Sunday, April 25, 2010

Why IQ tests don't work

We've all heard people decrying the value of IQ tests: particularly that they are either culturally biased, or that they only exhibit one dimension of intelligence.

I suggest additional reasons for that value being limited.

I have always found IQ tests relatively easy - but I'm mathematically inclined.  Further, in my experience people that are clearly below an IQ of, say, 80, are clearly lacking some general capabilities.

My thinking is that  the upper end of IQ results reflect mathmatical/logical capability, but it doesn't measure the broad range of human capabilities.  Likewise, low scores are indicative of a disability.  Yet for those who score mid-range, it's hard to say anything useful about their intelligence.

There have been a number of alternatives suggested for the straight IQ measure, such as intelligence that is social, emotional, visual/artistic, musical, and so on.  I find myself in agreement that "IQ" measures only a limited range of a person's intellectual capabilities.

My suggestion is that those IQ measures that score mid-range are only demonstrating their mid-range logic capabilities, and that we have no sufficient measure of their capabilites in the broader aspects of human capabilities.

It was suggested to me that those with aptitude for classical music are likely to be pretty intelligent on typical IQ measures.  Yet my reading of the music industry more generally suggests that there are many musicians that are neither very logical in general, nor very capable of managing their own lives - even equalising for other factors such as self-medication.  Syd Barrett is typically held up for this measure in the music sphere; Van Gogh - and many others - are rightly or wrongly depicted as exemplary in the musical world.  I would be surprised if surrogate IQ tests didn't place them mid-range; however, I'm sure there are vast swathes of musicians that are highly intelligence in the IQ measure - it's just that such a measure is not directly relevant to their  particular expertise.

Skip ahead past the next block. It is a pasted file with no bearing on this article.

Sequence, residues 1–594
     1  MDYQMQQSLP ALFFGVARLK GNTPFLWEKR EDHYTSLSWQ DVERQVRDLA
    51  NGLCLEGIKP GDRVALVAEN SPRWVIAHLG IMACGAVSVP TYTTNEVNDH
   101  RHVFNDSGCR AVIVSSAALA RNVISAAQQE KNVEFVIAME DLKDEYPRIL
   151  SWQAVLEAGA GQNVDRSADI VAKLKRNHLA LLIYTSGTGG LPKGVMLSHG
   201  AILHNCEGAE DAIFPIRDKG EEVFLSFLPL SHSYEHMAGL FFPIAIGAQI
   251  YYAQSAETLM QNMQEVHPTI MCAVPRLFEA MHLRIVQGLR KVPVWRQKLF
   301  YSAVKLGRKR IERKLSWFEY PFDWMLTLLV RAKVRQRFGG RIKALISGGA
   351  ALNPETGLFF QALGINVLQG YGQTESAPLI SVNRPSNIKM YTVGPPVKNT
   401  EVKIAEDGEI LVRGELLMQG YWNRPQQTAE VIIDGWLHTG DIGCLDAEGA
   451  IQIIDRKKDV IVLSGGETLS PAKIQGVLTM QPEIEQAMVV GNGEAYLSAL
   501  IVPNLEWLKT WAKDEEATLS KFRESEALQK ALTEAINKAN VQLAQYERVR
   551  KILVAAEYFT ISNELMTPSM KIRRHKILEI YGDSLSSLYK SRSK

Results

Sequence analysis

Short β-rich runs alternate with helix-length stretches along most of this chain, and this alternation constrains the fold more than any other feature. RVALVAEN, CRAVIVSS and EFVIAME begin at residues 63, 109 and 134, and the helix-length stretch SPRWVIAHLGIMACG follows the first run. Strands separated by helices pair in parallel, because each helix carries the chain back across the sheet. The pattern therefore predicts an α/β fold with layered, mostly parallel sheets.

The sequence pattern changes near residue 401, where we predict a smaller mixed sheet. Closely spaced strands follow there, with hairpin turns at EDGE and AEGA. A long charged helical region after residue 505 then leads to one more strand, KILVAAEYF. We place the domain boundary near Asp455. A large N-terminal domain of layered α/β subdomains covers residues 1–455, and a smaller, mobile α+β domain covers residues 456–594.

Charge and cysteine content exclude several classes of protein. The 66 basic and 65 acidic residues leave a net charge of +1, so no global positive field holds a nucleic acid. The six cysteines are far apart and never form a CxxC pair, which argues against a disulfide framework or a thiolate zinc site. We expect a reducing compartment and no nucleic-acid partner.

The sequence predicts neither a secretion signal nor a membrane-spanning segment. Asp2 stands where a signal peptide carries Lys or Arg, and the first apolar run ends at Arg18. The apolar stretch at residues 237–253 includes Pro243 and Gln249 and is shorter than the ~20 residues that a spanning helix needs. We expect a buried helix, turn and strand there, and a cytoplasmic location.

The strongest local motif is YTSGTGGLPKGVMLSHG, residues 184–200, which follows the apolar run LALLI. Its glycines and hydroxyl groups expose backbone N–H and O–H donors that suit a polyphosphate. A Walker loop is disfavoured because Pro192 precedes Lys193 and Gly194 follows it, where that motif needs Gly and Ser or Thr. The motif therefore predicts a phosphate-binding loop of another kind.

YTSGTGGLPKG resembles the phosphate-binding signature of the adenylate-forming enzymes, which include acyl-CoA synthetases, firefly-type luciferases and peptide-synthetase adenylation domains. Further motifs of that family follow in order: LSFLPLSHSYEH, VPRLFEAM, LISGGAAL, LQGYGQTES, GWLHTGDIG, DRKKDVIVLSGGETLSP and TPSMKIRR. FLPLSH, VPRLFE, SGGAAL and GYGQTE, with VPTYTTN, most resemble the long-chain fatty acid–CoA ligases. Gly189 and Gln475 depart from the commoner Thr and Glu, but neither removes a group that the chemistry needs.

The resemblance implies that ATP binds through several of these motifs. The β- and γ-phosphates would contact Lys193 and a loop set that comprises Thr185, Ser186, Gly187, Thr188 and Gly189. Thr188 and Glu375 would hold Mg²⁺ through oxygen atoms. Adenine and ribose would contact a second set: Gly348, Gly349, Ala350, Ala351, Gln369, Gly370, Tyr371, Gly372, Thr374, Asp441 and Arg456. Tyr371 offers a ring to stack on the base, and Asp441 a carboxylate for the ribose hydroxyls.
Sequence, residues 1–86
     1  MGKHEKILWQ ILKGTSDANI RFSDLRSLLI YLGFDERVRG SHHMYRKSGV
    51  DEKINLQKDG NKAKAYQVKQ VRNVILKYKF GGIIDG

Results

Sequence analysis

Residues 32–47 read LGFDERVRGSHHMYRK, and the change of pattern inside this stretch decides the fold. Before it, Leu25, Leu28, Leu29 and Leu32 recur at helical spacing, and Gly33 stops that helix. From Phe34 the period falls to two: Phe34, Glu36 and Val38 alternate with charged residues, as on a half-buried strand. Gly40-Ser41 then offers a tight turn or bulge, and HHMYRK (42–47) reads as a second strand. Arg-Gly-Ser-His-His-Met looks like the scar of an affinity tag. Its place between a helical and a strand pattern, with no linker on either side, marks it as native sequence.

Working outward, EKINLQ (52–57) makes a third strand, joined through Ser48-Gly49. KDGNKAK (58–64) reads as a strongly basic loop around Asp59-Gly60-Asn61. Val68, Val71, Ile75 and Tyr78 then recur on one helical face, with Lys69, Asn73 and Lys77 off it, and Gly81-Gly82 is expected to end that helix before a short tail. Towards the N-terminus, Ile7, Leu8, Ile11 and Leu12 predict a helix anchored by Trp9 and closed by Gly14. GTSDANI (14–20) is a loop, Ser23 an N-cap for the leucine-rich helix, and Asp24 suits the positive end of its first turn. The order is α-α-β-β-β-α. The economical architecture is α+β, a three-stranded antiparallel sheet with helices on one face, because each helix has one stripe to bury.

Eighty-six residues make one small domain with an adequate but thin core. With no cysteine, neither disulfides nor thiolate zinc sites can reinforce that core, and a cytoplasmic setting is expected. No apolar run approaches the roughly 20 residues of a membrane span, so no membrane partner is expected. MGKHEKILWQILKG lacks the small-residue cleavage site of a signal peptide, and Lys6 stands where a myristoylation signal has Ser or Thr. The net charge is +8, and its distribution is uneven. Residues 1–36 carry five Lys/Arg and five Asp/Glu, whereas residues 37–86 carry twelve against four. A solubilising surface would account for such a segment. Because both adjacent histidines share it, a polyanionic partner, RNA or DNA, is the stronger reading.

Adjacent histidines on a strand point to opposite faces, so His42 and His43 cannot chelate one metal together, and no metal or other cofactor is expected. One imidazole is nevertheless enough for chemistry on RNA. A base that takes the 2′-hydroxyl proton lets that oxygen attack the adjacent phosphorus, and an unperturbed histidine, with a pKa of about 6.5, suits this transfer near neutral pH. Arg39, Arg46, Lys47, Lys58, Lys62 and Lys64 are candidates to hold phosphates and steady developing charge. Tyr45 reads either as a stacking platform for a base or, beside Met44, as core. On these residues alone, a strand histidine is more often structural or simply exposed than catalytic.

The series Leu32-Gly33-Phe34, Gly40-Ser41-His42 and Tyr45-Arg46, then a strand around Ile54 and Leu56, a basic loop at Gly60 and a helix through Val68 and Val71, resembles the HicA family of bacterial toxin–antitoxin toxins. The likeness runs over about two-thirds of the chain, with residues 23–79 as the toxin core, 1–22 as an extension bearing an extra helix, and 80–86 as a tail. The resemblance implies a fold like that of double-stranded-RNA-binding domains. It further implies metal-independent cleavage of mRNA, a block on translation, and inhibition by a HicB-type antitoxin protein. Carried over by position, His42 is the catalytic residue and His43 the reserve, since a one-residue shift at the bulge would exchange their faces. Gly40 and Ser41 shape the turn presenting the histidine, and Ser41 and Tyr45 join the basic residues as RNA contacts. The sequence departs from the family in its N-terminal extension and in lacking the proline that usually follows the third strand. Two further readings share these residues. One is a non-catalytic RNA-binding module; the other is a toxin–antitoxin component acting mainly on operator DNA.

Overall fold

[What it has to do with brain function is an interesting question.  Recent findings have, for example, suggested that autism is much to do with a differential ability (or dis-)  of different regions of the brain to communicate with each other - and that high-functioning autism (so-called savant) may be an aspect of the same, that is, abnormality in the networking of different regions of the brain.]

Comments welcome.


bazza said...

Hello Stephen. I feel that IQ tests are an excellent measure of one's ability to take an IQ test.
I have always thought that Mensa is a pointless and self-congratulory organisation.
In society in general I am sure we would find that those who had a high IQ quotient would not exactly correlate with the 'successful' portion of the population - which ever definition of success one uses.

S Simmonds said...

Quite agree with you on all counts, Bazza.

I had idly pondered applying to Mensa in the past, but couldn't get past the speculation that it was full of people seeking refuge from bullying or some other form of under-appreciation.